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Swirl, by Julia Purinton

Mixed Media 18" x 18"

Wendell & June Anderson & Nina the dog

by Jeb Wallace-Brodeur for 7 Days

The Bundy Modern was built in 1962.  It was designed by Harlow Carpenter(1926-2009), an heir to the founders of IBM, and an original and major investor in Sugarbush ski area & golf course. He was a noted modernist sculptor. The Bundy Center for the Arts was created as an outdoor sculpture garden to house Carpenter's private art collection, as a place to promote the work of younger artists, and as a venue for the Vermont Symphony's summer concerts.  It also served as a progressive primary school from 1970-1980.


Strictly modern in design, The Bundy features the clean lines of the International Movement using four materials: glass, brick, wood, and slate.  All structural elements are entirely visible. The building was designed to hide nothing, and to enhance its location on a natural plateau with incredible views of the mountainside, including Lincoln Peak. The Gallery itself consists of a wall of windows 23' high and 30' wide, , fronting a 30' by 40' open room with 360 squares of  2'  native VT bluestone underfoot.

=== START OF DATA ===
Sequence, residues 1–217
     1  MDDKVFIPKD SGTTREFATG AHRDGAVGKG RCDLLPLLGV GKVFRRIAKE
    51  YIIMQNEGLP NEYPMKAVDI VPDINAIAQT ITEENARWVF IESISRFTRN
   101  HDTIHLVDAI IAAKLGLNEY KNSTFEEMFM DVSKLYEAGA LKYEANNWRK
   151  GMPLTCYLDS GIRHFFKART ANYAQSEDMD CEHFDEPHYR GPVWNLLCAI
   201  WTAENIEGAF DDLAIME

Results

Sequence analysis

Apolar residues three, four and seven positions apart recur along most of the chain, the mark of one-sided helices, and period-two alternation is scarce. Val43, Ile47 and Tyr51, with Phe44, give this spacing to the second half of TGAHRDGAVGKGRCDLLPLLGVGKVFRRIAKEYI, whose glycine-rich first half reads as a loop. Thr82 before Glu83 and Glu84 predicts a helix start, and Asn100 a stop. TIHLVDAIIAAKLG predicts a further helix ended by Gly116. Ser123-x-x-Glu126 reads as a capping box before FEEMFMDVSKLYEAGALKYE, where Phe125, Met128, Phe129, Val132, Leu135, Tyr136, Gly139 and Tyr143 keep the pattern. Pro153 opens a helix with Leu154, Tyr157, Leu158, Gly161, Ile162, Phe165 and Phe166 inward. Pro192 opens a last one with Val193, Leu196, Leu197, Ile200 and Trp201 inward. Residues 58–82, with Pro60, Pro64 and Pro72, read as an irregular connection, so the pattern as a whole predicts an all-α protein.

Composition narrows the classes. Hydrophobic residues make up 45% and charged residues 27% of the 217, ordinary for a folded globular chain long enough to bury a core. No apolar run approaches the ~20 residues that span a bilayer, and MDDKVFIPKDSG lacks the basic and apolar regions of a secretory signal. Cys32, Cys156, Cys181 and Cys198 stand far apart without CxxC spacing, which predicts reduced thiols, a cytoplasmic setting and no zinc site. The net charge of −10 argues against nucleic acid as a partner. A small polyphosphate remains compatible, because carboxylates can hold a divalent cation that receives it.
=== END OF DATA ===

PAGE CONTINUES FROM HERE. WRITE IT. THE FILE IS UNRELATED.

The surrounding landscape was designed as a serious sculpture garden.  The landscape architecture provides fascinating rhythm: interesting  waves and mounds cradle and soften the square of the building. A 3/4 acre, man-made, parabolic reflecting pool further enhances the building, providing movement & light to contrast against the stasis of the brick construction.


The entire property is hidden from view at the top of a 1/3 mile drive off of Route 100 in Waitsfield. The drive climbs steadily through a dark tunnel of hemlocks and hardwoods and levels out on a 30-acre natural plateau, which had been farmed by the Long family from Revolutionary times till the 1950s when Carpenter bought it from Anna Long.   The drive is lined with magnificent sugarmaples.


Over the years, some concessions in the building's interior were made, due the extreme temperatures of Vermont. But the original structure is remarkably intact.


The Bundy Modern is ready for its next 50 years, to be a welcoming space meant to shelter, to inspire, to entertain, and provoke thought.


Click here for a recent article (8/19/15) by journalist Amy Lilley in 7 Days (the Village Voice of the north country)

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